Learning to let our children take charge of their personal paths as they grow into young adults can be hard on us parents


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While we never held onto the notion that our son, Owen, would become a professional baseball player, we did think that because of his love for the game, he would play through high school.

From the time he could walk and talk, Owen was singing “Take Me Out to the Ball Game” and running bases at any field we ever passed. We would take his plastic tee ball set camping with us, and he would practice pitching by throwing rocks into a lake. As he got older, he played recreational ball, switching to a competitive baseball club when he was 7. 

We supported him in any way we could. We never missed his games, even if Colorado weather tried to scare us off. However, when high school rolled around, he told us that he didn’t want to play baseball anymore but would try out for the tennis team. It was hard for us to understand why he didn’t want to play. My mind went to bad places: Did someone hurt him? Did something bad happen? 

Because this was such a sharp turn in his life, we questioned him about his reasoning. His answer was simply that it wasn’t fun anymore. But we wanted to make sure he was making his decision on his own and not just fear of the unknown, so we asked him about this repeatedly.

Owen mistook our repeated questions as us being disappointed in him. His eyes would well up when telling us he was sure and he didn’t want to disappoint us. My husband and I reassured him every single time we had the discussion that he was not disappointing us. Eventually, we listened to him and realized baseball was now a part of our family’s past, and tennis was a new passion for us to support.


Check out our tips on supporting your teen in exploring their interests and passions

The first week of his freshman year, he tried out for tennis. Not only did he make the team, he made varsity and even went to State! He was one of only five freshmen at the state competition. And as with baseball, both my husband and I made sure to attend every single match, and travel with him to State. We are so proud of him!

Looking back, it’s funny that Owen’s choice to focus on a new sport took us by surprise. So many kids change interests as they grow into their own. We had seen many of our friends’ children take charge of their high school careers, whether it was trying new sports, clubs, or academic pathways.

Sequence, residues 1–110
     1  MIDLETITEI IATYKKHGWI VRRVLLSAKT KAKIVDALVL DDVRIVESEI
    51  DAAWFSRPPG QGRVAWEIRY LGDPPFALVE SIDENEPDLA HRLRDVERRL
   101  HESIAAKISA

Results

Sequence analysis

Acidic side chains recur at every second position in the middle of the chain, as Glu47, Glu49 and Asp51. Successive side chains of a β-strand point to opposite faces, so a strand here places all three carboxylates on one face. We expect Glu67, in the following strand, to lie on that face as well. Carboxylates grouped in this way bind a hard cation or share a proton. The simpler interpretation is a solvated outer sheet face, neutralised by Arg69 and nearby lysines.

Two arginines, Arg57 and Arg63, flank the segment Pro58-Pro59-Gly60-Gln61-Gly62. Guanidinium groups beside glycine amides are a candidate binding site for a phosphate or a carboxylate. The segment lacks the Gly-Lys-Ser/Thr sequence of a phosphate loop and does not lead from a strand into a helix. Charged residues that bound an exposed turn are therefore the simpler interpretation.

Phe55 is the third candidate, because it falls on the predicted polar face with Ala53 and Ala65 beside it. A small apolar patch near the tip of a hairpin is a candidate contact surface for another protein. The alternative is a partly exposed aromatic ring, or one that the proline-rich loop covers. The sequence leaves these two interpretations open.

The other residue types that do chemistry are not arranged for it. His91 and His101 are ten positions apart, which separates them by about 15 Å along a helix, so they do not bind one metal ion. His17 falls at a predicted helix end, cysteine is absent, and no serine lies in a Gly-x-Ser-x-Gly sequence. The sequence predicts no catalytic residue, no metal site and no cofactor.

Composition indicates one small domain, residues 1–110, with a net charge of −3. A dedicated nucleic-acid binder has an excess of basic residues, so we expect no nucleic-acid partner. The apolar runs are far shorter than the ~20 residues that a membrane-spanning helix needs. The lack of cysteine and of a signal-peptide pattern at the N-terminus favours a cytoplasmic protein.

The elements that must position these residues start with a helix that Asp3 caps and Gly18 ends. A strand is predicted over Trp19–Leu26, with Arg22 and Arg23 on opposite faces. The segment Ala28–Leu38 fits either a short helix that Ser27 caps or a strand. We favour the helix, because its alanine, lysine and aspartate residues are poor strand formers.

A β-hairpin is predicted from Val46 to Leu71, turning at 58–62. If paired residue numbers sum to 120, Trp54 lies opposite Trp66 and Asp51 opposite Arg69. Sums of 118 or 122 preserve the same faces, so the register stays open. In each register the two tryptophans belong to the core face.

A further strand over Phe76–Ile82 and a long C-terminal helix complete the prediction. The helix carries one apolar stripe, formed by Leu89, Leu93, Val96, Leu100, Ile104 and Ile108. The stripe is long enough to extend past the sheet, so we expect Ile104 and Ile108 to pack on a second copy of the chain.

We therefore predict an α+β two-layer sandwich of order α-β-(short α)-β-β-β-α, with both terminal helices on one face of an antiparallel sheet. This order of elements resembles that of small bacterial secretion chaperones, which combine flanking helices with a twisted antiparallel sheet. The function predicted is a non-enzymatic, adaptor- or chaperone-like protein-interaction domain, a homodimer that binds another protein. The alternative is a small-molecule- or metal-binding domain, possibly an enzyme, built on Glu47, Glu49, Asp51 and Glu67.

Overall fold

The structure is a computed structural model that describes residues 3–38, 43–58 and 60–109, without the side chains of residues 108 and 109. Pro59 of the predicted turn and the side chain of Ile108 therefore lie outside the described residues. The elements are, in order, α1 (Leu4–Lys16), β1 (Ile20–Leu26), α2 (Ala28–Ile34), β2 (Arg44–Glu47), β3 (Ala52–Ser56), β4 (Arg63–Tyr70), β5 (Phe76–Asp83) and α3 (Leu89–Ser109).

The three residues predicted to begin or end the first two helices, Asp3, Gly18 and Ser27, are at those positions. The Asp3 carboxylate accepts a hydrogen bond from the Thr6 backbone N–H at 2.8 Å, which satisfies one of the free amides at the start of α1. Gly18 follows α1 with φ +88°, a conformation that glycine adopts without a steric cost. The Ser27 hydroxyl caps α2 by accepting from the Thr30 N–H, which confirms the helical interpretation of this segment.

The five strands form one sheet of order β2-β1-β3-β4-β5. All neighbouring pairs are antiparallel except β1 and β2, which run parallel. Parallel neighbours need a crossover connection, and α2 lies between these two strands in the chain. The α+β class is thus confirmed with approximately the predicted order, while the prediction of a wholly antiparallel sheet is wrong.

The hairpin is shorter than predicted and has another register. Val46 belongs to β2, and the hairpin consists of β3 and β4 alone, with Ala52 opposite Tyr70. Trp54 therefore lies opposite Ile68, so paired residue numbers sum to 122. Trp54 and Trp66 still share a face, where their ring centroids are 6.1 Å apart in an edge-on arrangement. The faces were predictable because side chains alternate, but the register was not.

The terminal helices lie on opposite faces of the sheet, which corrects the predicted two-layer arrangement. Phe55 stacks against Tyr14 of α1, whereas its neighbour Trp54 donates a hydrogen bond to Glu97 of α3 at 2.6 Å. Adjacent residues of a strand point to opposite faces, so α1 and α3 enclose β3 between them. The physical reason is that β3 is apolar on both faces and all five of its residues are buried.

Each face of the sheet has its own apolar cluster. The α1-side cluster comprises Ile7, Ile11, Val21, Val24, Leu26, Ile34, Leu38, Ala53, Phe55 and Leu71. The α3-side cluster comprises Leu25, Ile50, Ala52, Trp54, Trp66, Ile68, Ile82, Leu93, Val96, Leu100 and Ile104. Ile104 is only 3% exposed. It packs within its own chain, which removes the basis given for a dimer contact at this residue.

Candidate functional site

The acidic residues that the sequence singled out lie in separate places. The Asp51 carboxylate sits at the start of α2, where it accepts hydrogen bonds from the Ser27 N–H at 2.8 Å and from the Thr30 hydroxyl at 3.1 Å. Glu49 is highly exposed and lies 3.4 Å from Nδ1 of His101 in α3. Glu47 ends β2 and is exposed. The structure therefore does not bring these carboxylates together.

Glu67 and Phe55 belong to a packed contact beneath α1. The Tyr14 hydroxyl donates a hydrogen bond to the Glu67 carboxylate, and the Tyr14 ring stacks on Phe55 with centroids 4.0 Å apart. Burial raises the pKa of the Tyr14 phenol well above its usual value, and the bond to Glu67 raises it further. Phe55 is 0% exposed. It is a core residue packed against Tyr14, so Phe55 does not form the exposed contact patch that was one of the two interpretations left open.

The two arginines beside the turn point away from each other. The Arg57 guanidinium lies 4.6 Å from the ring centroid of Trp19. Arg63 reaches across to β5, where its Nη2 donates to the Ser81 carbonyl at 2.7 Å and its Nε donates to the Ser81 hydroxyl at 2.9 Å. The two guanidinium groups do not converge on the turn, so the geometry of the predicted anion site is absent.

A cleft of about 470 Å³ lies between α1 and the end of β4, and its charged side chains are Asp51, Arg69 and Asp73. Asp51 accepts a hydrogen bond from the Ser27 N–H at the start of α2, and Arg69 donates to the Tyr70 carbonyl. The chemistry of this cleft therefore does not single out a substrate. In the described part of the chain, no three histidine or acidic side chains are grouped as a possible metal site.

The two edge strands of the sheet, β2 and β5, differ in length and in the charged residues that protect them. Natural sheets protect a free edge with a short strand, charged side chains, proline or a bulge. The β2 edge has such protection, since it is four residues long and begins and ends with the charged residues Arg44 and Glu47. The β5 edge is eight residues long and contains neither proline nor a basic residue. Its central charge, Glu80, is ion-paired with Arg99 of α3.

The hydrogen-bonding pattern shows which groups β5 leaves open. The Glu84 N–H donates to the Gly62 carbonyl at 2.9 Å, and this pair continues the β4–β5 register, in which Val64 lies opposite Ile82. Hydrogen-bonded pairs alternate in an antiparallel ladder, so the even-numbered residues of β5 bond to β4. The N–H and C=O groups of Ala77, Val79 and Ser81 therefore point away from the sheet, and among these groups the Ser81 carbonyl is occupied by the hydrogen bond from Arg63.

Friends even told us how hard it was on them, as parents, when these choices were made. None were ever disappointed in their kids’ choice to stop cheerleading or playing soccer, but just surprised.  How we react when we are surprised is what affects how our children feel.

Here are a few things I learned: 

  1. React with interest rather than shock or alarm. I may have come across as alarmed in my initial reaction, making my son feel as though I was disappointed in his choice. Reacting with interest demonstrates that you respect their decision and the thought process that went into making it. 
  2. Support their decision. Once we understood that he had really thought about leaving baseball and wanted to try tennis, we were all on board. We figured out when tennis tryouts were and made sure he had time to attend practices and feel good about going to tryouts. We learned how the schedule worked and how games were played. We met new families, made new friends, and made sure he made every tournament on time and ready to play.  
  3. Continue to help expand their possibilities. We knew Owen would need additional opportunities if he wanted to grow as a tennis player. So we worked together as a family to figure that out. We learned how other kids trained and who we needed to include in Owen’s off-season development. We arranged for him to train twice a week with a coach he had worked with in the past. This has been great for him. We have seen a tremendous amount of skill and strategy development this year. We also found a multi-school tennis team for him to play on this summer, which will give him an opportunity to put his new knowledge and skill to the test and make more friends that he will encounter as opponents next season.

Letting Your Teen Lead:

This may be one of the hardest things to do as a parent, but learning to let your teen take the lead in their decision-making process is very important to their development. It’s also important for building a strong connection with them, according to research. Here are some suggestions that may help you  “hold it loosely” with your teen:

Respect them—

Take them seriously and treat them fairly when it comes to making decisions, particularly decisions for themselves.

Work with them—

Work with them to solve problems and reach common goals. For example, if they have a low grade, work with them to develop a plan instead of stepping in and taking charge right away.

Include them—

Involve them in decisions, especially ones that directly affect them. Ask them what classes they want to take or what clubs they want to participate in.

Let them take the lead—

Create opportunities for them to take action and lead whenever possible. Try letting them choose what’s for dinner or what to watch on TV. Make sure they know their voice is valued and heard. 

Jennie Heineman

Jennie is a medically retired Process Improvement Consultant and is now a full-time mom living with a chronic lung disease, Pulmonary Arterial Hypertension.